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Negotiated Budgeting

A budgeting process that allows a shared responsibility between the superiors and subordinates

What is Negotiated Budgeting?

Negotiated budgeting is a budgeting process that combines both top-down budgeting and bottom-up budgeting. The negotiated budgeting process does not impose the budget preparation process on a single level, but rather allows shared responsibility between the superiors and subordinates.


Negotiated Budgeting


Unlike top-down budgeting, negotiated budgeting increases the involvement of lower-level managers, which makes it easy to set realistic targets. Employees also demonstrate a more personal interest in the budget preparation, since they feel that their contribution is recognized by the management. The top managers also agree to solicit suggestions from subordinates who are responsible for implementing the budget.


How It Works

Companies follow the process below when preparing negotiated budgets:


1. Superiors set targets

The process starts with the superiors preparing the targets for the next financial period. Usually, the top management uses historical performance data as a benchmark for setting the targets to be achieved. The management is more experienced in setting up the initial targets since they can access important performance information and trends.

Sometimes, the top-level executives may seek suggestions from lower-level managers on the targets for the next financial period. The prepared targets are then passed on to the lower-level managers for consideration.


2. Targets sent to subordinates

The department-level managers receive the targets from the top-level managers and are required to prepare action plans based on the given targets. Unlike top-down budgeting that limits the subordinates’ action plans to the budget allocation, negotiated budgeting gives employees the flexibility to negotiate the projected revenue and costs.

The departmental projections can be higher or lower than the management targets. Such flexibility creates an incentive for employees to make suggestions on what they expect in the next budget.


3. Parties meet to discuss the subordinates’ action plan

After the creation of the action plans, both the superiors and subordinates meet to discuss the budget. The meeting acts as an open forum where subordinates can educate their superiors on the realities of the budget since they are the people tasked with implementing it.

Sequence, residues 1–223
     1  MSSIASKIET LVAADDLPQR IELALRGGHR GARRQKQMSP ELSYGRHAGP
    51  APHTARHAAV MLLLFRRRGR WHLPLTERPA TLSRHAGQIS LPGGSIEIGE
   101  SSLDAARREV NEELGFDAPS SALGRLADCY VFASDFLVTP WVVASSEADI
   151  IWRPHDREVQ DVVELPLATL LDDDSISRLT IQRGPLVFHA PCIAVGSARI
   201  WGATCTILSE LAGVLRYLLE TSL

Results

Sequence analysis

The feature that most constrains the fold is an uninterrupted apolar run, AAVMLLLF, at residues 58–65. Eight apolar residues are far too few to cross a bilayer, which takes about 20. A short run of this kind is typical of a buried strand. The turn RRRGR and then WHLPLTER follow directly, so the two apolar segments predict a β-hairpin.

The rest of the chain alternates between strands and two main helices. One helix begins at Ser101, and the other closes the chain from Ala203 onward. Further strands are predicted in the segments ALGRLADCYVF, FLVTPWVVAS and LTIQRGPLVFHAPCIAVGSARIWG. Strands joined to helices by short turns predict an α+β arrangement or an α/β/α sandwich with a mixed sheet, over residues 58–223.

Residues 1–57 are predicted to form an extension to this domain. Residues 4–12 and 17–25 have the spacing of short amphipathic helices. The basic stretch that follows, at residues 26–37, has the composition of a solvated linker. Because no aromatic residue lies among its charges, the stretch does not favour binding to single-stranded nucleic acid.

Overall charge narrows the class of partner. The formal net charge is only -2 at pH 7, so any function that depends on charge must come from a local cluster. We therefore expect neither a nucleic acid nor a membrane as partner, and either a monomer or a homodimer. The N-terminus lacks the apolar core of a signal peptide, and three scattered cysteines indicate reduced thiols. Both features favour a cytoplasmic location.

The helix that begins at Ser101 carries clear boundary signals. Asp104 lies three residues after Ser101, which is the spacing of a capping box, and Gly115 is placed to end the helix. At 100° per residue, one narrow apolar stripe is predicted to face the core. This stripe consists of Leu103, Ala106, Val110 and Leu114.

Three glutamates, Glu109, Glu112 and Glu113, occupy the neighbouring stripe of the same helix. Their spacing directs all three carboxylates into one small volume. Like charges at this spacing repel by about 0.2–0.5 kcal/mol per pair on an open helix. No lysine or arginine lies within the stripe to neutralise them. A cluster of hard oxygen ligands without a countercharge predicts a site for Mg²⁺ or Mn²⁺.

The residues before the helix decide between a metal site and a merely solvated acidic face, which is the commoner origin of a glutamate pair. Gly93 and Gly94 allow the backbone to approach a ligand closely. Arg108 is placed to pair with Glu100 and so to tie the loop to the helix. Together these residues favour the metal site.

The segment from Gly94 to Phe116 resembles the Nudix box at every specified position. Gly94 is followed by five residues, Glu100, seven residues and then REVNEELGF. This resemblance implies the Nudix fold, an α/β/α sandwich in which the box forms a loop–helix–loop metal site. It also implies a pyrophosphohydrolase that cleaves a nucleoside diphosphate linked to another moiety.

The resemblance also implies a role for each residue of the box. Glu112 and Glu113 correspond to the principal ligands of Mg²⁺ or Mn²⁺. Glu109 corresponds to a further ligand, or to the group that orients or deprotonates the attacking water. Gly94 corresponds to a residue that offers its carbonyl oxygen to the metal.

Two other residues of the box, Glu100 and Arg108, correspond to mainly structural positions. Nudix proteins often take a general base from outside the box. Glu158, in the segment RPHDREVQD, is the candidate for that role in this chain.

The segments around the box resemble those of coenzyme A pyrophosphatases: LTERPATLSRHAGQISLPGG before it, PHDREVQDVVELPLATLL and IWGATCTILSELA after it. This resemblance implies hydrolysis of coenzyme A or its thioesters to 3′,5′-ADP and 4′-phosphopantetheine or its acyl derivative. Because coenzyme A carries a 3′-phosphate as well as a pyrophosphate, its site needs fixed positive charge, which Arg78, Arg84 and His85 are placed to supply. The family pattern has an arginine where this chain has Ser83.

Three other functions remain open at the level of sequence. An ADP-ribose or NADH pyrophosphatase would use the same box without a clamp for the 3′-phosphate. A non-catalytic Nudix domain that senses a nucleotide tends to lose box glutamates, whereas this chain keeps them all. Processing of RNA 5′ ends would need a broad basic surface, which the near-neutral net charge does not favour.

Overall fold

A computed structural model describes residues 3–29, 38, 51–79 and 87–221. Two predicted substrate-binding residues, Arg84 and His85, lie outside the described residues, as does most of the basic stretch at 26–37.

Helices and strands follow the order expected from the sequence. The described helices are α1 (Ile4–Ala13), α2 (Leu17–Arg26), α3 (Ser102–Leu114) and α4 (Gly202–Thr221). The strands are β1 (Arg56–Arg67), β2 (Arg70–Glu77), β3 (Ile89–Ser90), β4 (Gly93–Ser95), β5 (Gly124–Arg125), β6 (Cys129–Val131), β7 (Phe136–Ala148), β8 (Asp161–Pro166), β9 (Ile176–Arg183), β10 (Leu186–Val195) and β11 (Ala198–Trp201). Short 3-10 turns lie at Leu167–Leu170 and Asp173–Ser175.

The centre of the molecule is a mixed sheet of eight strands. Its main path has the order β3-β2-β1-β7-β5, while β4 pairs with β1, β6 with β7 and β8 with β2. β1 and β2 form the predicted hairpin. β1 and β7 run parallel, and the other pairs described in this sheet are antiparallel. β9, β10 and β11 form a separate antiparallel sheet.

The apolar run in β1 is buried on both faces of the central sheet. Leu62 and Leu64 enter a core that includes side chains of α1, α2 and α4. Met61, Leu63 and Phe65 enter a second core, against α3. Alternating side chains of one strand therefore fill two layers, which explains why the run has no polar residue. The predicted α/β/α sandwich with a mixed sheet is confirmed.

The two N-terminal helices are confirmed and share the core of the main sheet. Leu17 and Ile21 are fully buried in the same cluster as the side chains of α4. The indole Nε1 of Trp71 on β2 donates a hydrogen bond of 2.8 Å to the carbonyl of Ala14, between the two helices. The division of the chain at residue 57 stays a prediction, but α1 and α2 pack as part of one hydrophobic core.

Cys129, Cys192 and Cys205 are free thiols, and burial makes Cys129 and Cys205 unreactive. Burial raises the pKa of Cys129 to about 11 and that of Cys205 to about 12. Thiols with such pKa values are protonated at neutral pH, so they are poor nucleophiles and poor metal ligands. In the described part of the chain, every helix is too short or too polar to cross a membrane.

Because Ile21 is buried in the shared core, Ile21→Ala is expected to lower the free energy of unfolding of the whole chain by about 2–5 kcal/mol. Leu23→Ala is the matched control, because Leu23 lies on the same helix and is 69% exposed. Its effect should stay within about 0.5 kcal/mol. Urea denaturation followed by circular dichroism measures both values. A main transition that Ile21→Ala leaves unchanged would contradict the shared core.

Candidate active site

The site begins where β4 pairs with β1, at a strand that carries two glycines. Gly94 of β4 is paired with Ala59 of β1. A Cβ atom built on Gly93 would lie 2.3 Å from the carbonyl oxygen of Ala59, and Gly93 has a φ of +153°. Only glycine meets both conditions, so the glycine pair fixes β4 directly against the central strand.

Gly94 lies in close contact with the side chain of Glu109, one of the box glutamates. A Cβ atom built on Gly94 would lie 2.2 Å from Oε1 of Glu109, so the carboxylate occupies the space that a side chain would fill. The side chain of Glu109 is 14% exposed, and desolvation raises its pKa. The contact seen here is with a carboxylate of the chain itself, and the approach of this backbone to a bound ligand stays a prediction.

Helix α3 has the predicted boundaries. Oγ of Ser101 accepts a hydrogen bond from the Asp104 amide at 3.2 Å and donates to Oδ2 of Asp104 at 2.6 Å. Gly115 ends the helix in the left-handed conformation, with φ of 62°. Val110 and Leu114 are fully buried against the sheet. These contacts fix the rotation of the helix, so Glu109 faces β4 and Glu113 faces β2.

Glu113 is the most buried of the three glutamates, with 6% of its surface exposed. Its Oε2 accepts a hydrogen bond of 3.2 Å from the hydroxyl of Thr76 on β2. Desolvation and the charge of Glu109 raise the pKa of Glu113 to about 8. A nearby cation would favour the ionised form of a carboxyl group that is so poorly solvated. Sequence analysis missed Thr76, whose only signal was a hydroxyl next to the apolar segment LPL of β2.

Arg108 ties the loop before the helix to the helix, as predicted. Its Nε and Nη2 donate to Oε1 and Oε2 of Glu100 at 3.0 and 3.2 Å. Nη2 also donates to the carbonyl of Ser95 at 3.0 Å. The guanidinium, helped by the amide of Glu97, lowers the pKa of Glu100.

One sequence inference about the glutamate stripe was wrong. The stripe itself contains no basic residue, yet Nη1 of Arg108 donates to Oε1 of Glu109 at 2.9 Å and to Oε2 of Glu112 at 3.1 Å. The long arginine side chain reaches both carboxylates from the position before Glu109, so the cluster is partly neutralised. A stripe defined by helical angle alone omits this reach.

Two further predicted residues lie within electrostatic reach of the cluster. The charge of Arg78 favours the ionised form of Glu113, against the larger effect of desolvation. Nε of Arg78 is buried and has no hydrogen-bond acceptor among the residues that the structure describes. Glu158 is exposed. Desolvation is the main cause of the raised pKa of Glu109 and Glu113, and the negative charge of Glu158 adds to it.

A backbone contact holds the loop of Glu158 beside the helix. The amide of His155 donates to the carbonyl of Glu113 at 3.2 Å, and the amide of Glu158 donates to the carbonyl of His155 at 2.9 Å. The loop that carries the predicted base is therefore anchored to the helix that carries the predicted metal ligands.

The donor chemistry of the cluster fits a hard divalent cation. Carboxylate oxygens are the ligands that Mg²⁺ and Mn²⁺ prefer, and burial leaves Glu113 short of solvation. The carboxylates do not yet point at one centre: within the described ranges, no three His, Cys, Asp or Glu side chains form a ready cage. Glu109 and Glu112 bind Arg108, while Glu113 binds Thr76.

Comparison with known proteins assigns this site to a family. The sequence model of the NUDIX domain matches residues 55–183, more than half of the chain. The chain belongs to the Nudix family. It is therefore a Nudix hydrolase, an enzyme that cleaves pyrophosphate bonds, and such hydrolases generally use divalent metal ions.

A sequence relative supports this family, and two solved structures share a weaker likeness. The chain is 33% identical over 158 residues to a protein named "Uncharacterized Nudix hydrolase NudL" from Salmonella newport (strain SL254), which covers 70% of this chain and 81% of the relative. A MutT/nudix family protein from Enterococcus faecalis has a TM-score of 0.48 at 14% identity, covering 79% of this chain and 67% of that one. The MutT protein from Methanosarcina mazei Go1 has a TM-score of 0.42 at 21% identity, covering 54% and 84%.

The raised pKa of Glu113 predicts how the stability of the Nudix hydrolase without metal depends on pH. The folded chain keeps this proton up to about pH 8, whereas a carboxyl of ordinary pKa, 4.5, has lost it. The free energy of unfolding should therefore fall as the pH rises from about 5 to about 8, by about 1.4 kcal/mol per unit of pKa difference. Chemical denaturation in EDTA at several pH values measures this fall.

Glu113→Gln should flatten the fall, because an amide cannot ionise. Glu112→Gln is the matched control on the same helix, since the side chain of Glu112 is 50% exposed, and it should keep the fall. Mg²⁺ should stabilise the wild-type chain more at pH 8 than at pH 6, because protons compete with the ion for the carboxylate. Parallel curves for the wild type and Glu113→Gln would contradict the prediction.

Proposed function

The forum allows each party to present its views and negotiate the differing points until they come to a consensus. The goal is to reduce the difference in the cost estimates presented by each party until they agree on a budget that is acceptable to both sides.

Subordinates are often encouraged by their superior’s positive response in their suggestions, and they may surrender some of their demands to the superior’s advantage. However, the management retains the upper hand in the negotiations, and they can adjust the figures arrived through the bottom-up budgeting process.


4. Budget approval

Once both parties have discussed and made suggestions on the budget, the changes should be incorporated into the budget. Usually, the departmental managers will be required to revise their budgets and projections to reflect what the subordinates and the superiors agreed on.

Once the budget has been finalized, it is presented to the management for approval. The budget is then sent to the finance department for funding, based on the projections agreed upon by the management and the subordinates.


Top-Down Component in Negotiated Budgeting

The management’s role in the negotiated budgeting process is to provide direction to the company. The top managers are more experienced in planning than the subordinates, and are, therefore, best suited to set targets for the company. It takes less time since it does not require multi-level participation. If the employees were asked to prepare targets for the company, the budget preparation would take longer as the employees put forward their suggestions and reach an agreement.

Another advantage of the top-down component is that the subordinates will better understand what the superiors expect in the next financial year. On the downside, the top executives possess limited knowledge of the specific departmental activities and may tend to underestimate the cost requirements.


Bottom-Up Component in Negotiated Budgeting

The bottom-up element of a budget encourages commitment to the plan by involving the people who are responsible for budget preparation. A negotiated budget allows for shared responsibility between the management and the subordinates. It increases employee motivation compared to an imposed budget where employees are limited by the management’s targets.

When employees are allowed to prepare action plans on the revenue and cost projections for the next financial period, they will work together to take their plans to the next level until they reach the highest level for approval. Employees will take a personal interest in the plan. It will help boost their morale at work and motivate them to work hard to achieve the targets that they helped formulate.


Additional Resources

CFI is the official provider of the global Financial Modeling & Valuation Analyst (FMVA)™ certification program, designed to help anyone become a world-class financial analyst. To keep advancing your career, the additional resources below will be useful:

  • Imposed Budgeting
  • Operating Budget
  • Project Finance
  • Types of Budgets

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